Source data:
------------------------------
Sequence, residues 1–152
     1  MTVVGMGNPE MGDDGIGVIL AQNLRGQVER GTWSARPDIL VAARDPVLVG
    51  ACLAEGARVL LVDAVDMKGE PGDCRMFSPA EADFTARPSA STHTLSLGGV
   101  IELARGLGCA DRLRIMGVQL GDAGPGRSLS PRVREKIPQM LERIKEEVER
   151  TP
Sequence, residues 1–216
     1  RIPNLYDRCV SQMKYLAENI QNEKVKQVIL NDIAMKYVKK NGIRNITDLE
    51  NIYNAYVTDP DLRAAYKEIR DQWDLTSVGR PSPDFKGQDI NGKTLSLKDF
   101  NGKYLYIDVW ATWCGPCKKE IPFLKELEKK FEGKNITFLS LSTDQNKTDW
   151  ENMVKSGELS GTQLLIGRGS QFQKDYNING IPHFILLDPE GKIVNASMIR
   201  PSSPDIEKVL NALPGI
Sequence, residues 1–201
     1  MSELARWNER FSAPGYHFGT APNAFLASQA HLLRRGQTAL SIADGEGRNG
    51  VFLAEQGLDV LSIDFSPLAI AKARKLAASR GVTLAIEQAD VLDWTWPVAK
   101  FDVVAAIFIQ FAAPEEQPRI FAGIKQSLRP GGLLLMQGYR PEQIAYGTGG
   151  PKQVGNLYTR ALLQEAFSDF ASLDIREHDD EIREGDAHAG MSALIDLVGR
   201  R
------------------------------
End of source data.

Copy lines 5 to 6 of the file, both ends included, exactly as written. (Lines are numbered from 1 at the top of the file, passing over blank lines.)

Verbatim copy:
   151  TP
Sequence, residues 1–216